ROCK HILL – The master developer of a 23-acre former textile site plans by the end of this year to begin work on the first component of the project: the renovation of a 260,000-square-foot industrial building called the Lowenstein building.
The redevelopment of the Bleachery site is part of Rock Hill’s Knowledge Park project, which the city hopes will revitalize its downtown area by bringing in new residential and commercial development. The project includes the Bleachery site and an additional 12 properties surrounding it.
Tim Elliott, director of design at Maryland-based Sora Development, said after a Knowledge Park Leadership Group meeting Wednesday that the Lowenstein building renovations could start as early as the fourth quarter of this year, and would take between six and eight months to complete.
The building will include 160,000 square feet office space and 60,000 square feet of multi-use space, and the remaining space will be retail, according to Elliott. One possibility for the multi-use space includes indoor sports facilities, such as soccer fields and volleyball courts.
Changes sought for district
But in order for Sora to start renovating the Lowenstein building, it has to finalize a development agreement with the city of Rock Hill, a process that’s been held up by the city’s efforts to expand and extend the timeframe of its textile corridor tax increment financing (TIF) district. The creation of the TIF district will determine some of the financing for Knowledge Park, which could affect Sora’s master plan.
The TIF district was established in 2004 to allow the city to issue up to $40 million in bonds for the redevelopment of the Bleachery site, which is the focal point of Knowledge Park. But because the redevelopment of the Bleachery site has moved more slowly than expected, the city proposed an extension of the district’s expiration date to 2039 from 2029, which would allow up to 25 years to pay off the bonds. The city also proposed expanding the TIF district to include the West Main Street and West Black Street corridors, both of which are southwest of the Bleachery site and run along the district’s current western boundary.
Because Rock Hill, the Rock Hill School District, and York County all receive tax revenue from properties within the district, all three have to approve the changes. The school district and the city approved the changes last year.
That means the decision to extend and expand the TIF district is ultimately up to the York County Council, which was advised on the proposal by a TIF Committee made up of council members Christi Cox, Robert Winkler and William “Bump” Rodney. The committee recommended the city’s proposal be amended, and the County Council voted in favor of authorizing County Manager Bill Shanahan and County Attorney Michael Kendree to negotiate an agreement with Rock Hill officials.
The committee members explained at the meeting that they were not against the city’s proposal, but that there were a few items that may need to be revised.
“The feel of the committee is to support the TIF, and I think part of what’s left – or remaining – to do now is to negotiate some of the items of concern,” Rodney said.
He cited as examples exempting some of the properties from the city’s proposed TIF district expansion and putting a cap on how much bond money the city could use annually.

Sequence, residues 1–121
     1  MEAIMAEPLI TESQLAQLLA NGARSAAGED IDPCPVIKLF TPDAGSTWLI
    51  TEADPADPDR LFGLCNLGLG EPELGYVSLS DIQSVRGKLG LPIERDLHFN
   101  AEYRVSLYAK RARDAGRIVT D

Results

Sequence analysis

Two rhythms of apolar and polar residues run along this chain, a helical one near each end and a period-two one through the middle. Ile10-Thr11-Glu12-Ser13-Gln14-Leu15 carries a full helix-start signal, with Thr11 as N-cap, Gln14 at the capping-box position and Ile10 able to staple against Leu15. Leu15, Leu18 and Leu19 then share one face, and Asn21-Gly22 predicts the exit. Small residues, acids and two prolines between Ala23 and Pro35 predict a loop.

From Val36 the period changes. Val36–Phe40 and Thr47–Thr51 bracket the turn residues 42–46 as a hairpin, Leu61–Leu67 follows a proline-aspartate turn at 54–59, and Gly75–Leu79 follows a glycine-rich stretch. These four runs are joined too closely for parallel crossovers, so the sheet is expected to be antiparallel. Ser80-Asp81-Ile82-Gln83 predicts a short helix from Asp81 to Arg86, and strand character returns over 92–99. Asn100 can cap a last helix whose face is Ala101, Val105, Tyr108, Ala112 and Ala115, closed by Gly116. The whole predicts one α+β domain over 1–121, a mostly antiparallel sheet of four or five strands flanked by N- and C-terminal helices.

Councilwoman Cox said that seeing the development agreement for the Bleachery site would help clarify the effects of making changes to the TIF district.
“I still don’t know that we have all the details because, frankly, it is difficult to assess what the impact is when you don’t have the development agreement in your hand,” she said.
Elliott said at Wednesday’s leadership group meeting that the development agreement should be finalized within the next 45 days.
Transportation options studied
After briefly discussing the County Council’s decision to amend the TIF district on Wednesday, the leadership group jumped right into its focus for 2015: identifying a viable transportation system that will connect Rock Hill’s downtown to the Bleachery site and the Bleachery site to Winthrop University.
Stephen Turner, executive director of Rock Hill Economic Development, a nonprofit organization that promotes business and economic growth, reminded the group throughout the meeting that the goal of the transportation system was to encourage transit-oriented development.
“If this is to be built, it needs to be built because it’s accelerating economic development, (because) it’s having an economic impact. That is ultimately what this is about, and if we cannot demonstrate that, then we do not need to do this,” he said.
The group is considering a variety of transportation options, but a streetcar system and battery-powered buses dominated Wednesday’s discussion.
Group members said a streetcar lined up with their vision for Knowledge Park, but acknowledged it would be expensive. They said buses were also a viable option, but Lawrence reminded the group that buses wouldn’t be as permanent as a streetcar system. A couple of group members suggested testing a bus system by buying only a couple buses initially, and then expanding the system if it works.
But Elliott said during a presentation that the transportation system needs to be developed with the future in mind, and that the attractiveness of a streetcar – especially to millennials – should not be understated.
“The transportation vehicle itself becomes part of the brand that is Rock Hill,” he said after the meeting.
The group’s goal is to make a transportation recommendation to the Rock Hill City Council in November. Between now and then, the group plans to travel to look at other cities’ transportation systems. Members of the leadership group and Rock Hill officials are traveling to Tucson, Arizona, on May 27 to check out the city’s Sun Link streetcar system.